Amongst all the everyday life at Highclere, the events, the office administration, meetings, marketing, accounts work, farm, gardens and diary organization, are the animals; a growing collection of horses, dogs, sheep, chickens and now pigs. I have been re-reading Charles Dickens who wrote in the very aptly named ‘Great Expectations’: “It was one of those March days when the sun shines hot and the wind blows cold: when it is summer in the light, and winter in the shade.”

This weekend has reflected such March days, which the Anglo-Saxons called hreð-mónaþ – hréðe, an adjective means savage, rough and it is a month in which the wind, rain and fast moving skies can charge at us.

This spring, following tradition, we have already enjoyed varying strong and rough weather but are looking forward, in no particular order, to foals, lambs and piglets but, to my husband’s huge relief, definitely no puppies! Last year’s puppies are still barely full grown and Geordie feels we have quite enough dogs to be going on with. He is not quite sure, in fact, how there are quite so many dogs…

Last Wednesday night, the first foal was born. It was late, so we had more broken nights than I feel is strictly necessary at my age waiting for it, but finally the foal began to make its way out of an increasingly restless and uncomfortable mare. He was, and is, quite a large foal and it took a huge, tiring effort to push him out. My husband said “is this normal?” Maggie and I both said “yes” looking at each other and Maggie helped straighten a leg whilst we also called the Phil the vet for back up (not in the end needed). We spent a further two hours with mother and son until the foal had not only managed to stand but had latched on to drink. That is a fabulous noise, his pink tongue very visible and the milk running. Nicknamed Rocky, as he wobbled back and forth on his long legs, he was just three hours old, when we left mare and foal together, both exhausted, Rocky now collapsed onto a thick bed of banked up straw with his mother proudly standing guard, nuzzling him. Thank you Maggie for all your care!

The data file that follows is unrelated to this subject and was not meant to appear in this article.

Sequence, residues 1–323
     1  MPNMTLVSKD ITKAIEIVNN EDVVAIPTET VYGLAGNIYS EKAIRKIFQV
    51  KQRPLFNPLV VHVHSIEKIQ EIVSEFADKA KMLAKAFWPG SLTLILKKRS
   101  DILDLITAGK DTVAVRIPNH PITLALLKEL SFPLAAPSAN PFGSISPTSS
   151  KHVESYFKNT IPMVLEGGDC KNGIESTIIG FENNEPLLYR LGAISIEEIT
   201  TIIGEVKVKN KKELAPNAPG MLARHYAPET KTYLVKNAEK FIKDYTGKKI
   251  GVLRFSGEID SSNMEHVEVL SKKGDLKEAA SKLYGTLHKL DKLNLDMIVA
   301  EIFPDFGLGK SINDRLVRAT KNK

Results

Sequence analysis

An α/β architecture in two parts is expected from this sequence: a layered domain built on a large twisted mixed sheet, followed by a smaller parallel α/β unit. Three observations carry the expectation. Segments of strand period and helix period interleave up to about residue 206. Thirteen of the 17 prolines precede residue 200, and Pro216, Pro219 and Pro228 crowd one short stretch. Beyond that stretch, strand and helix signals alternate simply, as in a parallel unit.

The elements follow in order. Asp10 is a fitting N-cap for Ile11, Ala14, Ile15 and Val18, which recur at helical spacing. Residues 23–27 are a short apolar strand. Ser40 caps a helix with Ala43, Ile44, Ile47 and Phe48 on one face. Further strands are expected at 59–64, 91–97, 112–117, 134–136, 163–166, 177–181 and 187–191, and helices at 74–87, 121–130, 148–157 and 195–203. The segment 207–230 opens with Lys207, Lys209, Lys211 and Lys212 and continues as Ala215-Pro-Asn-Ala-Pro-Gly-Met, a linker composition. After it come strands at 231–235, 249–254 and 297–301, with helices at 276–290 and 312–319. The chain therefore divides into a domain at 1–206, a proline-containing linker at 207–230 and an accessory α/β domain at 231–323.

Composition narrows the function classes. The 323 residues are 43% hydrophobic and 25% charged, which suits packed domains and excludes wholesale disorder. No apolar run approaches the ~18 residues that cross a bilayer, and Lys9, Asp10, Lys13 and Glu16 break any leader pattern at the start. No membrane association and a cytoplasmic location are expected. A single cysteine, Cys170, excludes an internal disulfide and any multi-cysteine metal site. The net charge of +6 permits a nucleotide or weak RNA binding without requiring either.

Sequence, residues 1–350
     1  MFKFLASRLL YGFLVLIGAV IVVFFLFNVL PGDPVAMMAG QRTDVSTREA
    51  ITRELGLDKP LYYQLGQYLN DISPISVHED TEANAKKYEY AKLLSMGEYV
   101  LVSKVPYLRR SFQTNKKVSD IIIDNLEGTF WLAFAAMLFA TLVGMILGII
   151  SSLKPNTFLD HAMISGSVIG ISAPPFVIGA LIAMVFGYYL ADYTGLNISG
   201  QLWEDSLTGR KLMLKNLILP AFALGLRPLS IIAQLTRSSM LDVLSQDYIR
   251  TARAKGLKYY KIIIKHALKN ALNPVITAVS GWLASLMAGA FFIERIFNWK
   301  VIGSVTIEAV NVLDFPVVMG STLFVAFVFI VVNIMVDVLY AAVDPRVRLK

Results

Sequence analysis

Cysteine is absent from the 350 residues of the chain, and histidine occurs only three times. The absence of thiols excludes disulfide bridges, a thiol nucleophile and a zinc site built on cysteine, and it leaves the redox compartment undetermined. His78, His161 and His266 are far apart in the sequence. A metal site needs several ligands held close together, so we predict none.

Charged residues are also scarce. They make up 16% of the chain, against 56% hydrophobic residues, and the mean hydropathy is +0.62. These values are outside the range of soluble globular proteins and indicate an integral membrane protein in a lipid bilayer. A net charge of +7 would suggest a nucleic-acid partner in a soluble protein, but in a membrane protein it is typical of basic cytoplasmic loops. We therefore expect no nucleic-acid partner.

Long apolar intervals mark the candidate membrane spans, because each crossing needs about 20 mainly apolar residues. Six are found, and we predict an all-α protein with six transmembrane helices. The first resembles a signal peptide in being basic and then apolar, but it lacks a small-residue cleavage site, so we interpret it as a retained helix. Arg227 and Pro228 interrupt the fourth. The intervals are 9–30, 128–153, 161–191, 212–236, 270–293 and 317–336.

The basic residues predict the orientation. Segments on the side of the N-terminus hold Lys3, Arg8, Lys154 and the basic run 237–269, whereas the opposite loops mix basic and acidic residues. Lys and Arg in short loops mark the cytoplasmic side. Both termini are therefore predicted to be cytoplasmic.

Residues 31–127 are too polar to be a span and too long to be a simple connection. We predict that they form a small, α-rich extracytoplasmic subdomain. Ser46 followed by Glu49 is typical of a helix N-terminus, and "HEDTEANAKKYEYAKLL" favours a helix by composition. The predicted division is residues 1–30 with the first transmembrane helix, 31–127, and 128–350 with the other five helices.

Rocky – three days old and out for an hour

Despite the lack of sleep, it is always a magical experience watching a birth and one I will never tire of. Meanwhile, the lambs are not really due until later in the month, although we do already have four lambs. In another ten days it will be full on for the shepherd and team and Geordie and I tend to turn out later in the evening to lend a hand if needed. We can at least fill the water buckets.

Right : Mat our shepherd and his outstanding dog

It is the first time, however, to experience a pig farrowing and I think that may be at the end of March so I hope Thelma and Louise will cope themselves but I am sure Simon the farm manager will be a great team leader for this enterprise. I am still so excited about our two pigs and what they have achieved in terms of bringing the old orchard area back to life. The stream is running well with the land draining well and the soil turned. I have read that they could have 12 to 14 piglets each and my instinct says I need to find more fields for them to work over. Of course, technically it is not a herd of pigs but a “drift or drove of pigs” if they are youngish pigs whilst a group of older pigs is a “sounder of swine” which is a fabulous collective noun.

In the meantime we have births of a different sort as the bulbs come up all over the parkland in the glorious sunshine we have been enjoying here. My husband is not quite so joyful however because some very expensive bulbs he planted in the White Garden seem to have been eaten – probably by the squirrels but they definitely are not happening which means there are now gaps in the border. Elsewhere other bulbs, carefully planted by Paul and his team, have gone overboard and instead of waiting until Easter and our Spring opening, which is what they were supposed to do, have decided to spring into glorious bloom now.

For once I think he believes the animals are being distinctly better behaved than the gardens although I think the puppies have dug a few enthusiastic holes in the lawn which I might not admit to on their behalf…